Wollongong Private Hospital
Part of Ramsay Health Care

Distal Biceps Tendon Rupture; Diagnosis and Surgical Repair; the Author’s experience

Mar 27, 2020

The distal biceps tendon is at risk of tearing from eccentric loading of the flexed arm and commonly avulses from its insertion site at the radial tuberosity. The injury is frequently seen in younger males with a large muscle bulk, and the proximal muscle migration and bulge at the distal biceps is pathognomic.

However in partial tears the diagnosis may be less obvious and may require a clinical assessment with an examination utilising the “Hook” test where the normal side is examined first and compared to the injured side. The lateral border of the distal biceps tendon is easily palpated. With the patient’s elbow flexed at 90deg and fully supinated the examiner’s finger is able to hook underneath the tendon and compare the quality of tendon on each side. The difference with a tear is usually obvious, but occasionally swelling and discomfort can make the examination a challenge to perform. On the medial side of the tendon the bicipital aponeurosis or lacertus fibrosus is a fascial band that arises from the biceps to cross over the deep ulnar flexors, covering the underlying brachial artery and median nerve, to insert onto the ulna. It is invariably intact and may give rise to the diagnosis of a partial tear even in cases where the main tendon (the confluence of the long and short heads of biceps) is avulsed completely but not retracted.

Hook test

Fig 1. Hook test – examiner’s finger under lateral side of tensed biceps tendon

Imaging studies are helpful to fully assess the tear, but are not necessary in a clinically obvious rupture. Ultrasound can demonstrate a completely torn and retracted tendon quite reliably, but is operator dependent, and in cases of partial tears or minimally retracted tears cannot reliably demonstrate the degree of rupture and for these MRI is a more informative test. The optimal MRI scan is taken in a position of FABS (Flexed Elbow; Abducted shoulder and Supinated forearm). The position helps to lengthen the biceps muscle at the shoulder whilst bringing the tuberosity into prominence at the elbow. The intact proximal muscle belly of biceps is identified and traced distally to identify the insertional tear.

The option for non-operative management can be considered for older, sedentary patients, particularly where the non-dominant arm is affected, but in active patients the loss of strength is significant. The reduction in supination strength is most pronounced at 40-50%. To demonstrate the loss of strength: try tightening a screw with a screwdriver using your right hand with your elbow out straight (the position defunctions biceps as a supinator). Flexion strength is reduced by 30% (try performing a biceps curl with your forearm pronated; the position defunctions biceps as an elbow flexor) and grip strength is reduced by by 15% (1).

Surgery is best done acutely (before significant scaring has occurred around the biceps). Preferably prior to 2-3 weeks, but a primary repair may be attempted after as long as 6 to 8 weeks from injury. A chronic rupture may require a tendon reconstruction with tendon grafting, rather than a primary repair.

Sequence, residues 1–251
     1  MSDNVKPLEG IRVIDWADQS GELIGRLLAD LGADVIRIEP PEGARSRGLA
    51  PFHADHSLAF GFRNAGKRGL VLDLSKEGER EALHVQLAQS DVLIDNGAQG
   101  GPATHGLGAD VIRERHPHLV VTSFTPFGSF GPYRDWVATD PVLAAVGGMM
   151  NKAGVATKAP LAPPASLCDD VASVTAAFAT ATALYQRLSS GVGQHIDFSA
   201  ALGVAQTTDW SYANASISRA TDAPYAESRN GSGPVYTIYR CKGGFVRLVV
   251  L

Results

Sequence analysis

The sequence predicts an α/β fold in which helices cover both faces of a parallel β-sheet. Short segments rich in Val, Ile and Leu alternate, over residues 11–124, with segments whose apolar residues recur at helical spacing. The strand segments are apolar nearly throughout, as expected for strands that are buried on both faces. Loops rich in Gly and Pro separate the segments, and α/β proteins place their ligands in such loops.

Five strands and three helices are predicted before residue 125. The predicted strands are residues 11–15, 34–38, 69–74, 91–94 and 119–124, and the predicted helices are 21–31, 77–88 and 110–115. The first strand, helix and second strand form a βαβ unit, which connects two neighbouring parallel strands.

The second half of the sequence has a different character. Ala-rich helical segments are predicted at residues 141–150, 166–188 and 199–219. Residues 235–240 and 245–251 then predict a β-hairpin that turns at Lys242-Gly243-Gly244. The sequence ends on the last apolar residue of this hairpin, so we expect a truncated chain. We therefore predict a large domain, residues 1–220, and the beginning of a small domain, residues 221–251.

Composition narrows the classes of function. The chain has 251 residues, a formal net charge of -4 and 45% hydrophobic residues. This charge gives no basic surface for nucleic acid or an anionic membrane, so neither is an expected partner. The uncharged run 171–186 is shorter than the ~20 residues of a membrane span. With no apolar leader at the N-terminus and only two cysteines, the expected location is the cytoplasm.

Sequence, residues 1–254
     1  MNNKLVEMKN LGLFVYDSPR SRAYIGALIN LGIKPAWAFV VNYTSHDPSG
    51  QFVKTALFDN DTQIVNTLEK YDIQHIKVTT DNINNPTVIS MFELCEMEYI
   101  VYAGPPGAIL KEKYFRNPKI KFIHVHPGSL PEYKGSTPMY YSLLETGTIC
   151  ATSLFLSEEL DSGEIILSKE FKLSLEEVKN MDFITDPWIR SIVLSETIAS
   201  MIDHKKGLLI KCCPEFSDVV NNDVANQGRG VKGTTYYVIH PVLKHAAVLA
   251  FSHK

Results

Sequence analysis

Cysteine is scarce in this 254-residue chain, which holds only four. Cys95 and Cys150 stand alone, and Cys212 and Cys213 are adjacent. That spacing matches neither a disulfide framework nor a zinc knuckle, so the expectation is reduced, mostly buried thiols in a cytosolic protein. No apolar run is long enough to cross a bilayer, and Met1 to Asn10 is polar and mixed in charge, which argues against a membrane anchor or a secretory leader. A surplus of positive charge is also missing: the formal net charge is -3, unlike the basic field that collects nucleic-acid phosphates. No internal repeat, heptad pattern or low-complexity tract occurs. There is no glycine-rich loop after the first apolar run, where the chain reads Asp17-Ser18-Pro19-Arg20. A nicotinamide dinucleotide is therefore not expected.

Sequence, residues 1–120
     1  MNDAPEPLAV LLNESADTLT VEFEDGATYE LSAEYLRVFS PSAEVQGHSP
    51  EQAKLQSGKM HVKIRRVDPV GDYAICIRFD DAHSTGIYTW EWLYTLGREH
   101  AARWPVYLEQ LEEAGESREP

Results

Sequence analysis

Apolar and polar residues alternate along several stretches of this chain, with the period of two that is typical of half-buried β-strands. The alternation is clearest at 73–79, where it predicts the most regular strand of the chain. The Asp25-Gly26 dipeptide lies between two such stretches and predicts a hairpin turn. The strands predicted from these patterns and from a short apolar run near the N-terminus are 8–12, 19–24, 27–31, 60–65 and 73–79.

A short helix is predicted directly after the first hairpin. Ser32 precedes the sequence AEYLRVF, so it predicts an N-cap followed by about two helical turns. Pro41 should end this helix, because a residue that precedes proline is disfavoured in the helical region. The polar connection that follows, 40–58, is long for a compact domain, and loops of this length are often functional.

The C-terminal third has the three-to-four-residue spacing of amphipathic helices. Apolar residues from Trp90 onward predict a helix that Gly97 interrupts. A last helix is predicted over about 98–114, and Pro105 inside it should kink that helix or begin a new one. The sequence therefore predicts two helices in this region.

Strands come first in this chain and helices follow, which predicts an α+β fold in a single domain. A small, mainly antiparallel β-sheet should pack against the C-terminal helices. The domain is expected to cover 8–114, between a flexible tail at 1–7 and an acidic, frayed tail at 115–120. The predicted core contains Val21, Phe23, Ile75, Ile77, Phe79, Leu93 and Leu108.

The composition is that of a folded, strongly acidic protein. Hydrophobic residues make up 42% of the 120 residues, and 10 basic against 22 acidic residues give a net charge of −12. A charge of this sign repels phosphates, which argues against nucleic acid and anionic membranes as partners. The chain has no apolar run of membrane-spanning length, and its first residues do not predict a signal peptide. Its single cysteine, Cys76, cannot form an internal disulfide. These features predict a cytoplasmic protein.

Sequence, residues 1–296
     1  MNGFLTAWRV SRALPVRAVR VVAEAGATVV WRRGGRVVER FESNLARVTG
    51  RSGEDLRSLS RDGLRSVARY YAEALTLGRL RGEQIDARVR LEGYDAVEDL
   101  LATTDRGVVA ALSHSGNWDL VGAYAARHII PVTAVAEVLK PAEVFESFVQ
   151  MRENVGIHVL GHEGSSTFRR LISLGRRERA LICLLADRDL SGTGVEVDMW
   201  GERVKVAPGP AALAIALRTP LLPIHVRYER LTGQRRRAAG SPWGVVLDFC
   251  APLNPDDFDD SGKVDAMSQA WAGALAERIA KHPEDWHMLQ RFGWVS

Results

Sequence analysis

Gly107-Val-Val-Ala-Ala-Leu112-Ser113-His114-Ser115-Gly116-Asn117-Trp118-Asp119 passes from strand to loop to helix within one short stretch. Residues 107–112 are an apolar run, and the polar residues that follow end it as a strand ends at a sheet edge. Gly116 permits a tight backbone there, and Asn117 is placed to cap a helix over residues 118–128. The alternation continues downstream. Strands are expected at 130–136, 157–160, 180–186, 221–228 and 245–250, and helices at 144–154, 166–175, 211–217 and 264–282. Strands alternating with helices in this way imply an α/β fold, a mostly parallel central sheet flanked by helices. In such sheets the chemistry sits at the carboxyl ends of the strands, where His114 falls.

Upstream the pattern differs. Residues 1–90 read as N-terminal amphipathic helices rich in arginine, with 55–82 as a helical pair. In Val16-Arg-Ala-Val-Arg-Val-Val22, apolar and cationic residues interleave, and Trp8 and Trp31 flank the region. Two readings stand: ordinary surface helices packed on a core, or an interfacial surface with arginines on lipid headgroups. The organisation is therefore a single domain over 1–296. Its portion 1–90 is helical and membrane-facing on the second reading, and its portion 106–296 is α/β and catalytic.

My preferred method of repair is with the single incision endobutton technique. The incision is placed longitudinally over the proximal radius starting 1cm below the elbow crease with the forearm fully supinated. Surgery is preferably performed without tourniquet inflation. The region contains a branch of the radial artery (the leash of Henry) that crosses over the path of the distal biceps tendon just proximal to the radial tuberosity, and a plethora of blood vessels. There are also cutaneous nerves and a significant branch of the radial nerve (the PIN posterior interosseous nerve) at risk during the procedure. Retractor placement has to be done carefully. A second more medial incision above the elbow crease is helpful (to retrieve the tendon that can be significantly retracted) and avoids crossing the flexor crease. My modification of the classic endobutton technique (2) is to use a 4 stranded no. 2 ethibond loop suture to capture the tendon, with 2 strands exiting the tendon 2cm proximal to the end (the position of the knot ties). The tendon is then passed under the leash of Henry to the tuberosity and inserted into the canal of the radius via a drill hole on the ulna aspect of the radius and secured with an endobutton passed across the far cortex (aimed in a more proximal direction away from the PIN). The knots are tied at the surface of the tendon with the elbow flexed at 90deg and using a knot pusher. This is the most effective way to seat the tendon in the canal using the endobutton technique.

In most cases the patient can be discharged home on the day of surgery and commence full range of motion exercises from Day 1 post-operatively. A sling is required for 6 weeks, followed by progressive strengthening and return to full function after 3months. The surgery can be challenging and the reported complication rate in the literature is as high as 25%. The complications include: stiffness, re-rupture, tendon gapping/ loss of fixation, heterotopic ossification, PIN nerve palsy, sensory nerve palsy and haematoma/ bleeding. However I would suggest the complication rate can be much lower than this and it is possible to perform the surgery safely and reliably using the described technique.

  1. Morrey BF, Askew LJ, An KN, Dobyns JH. Rupture of the distal tendon of
the biceps brachii. A biomechanical study. J Bone Joint Surg Am. 1985 Mar;67 (3):418-21.
  2. Savin DD, Watson J, Youderian AR et al. Surgical Management of Acute Distal Biceps Tendon Ruptures. J Bone Joint Surg Am, 2017 May; 99: 785-96

Dr Philip Markham
Orthopaedic Surgeon
P: 02 4209 5218
F: 02 4208 0644
E: admin@sjsorthopaedics.com.au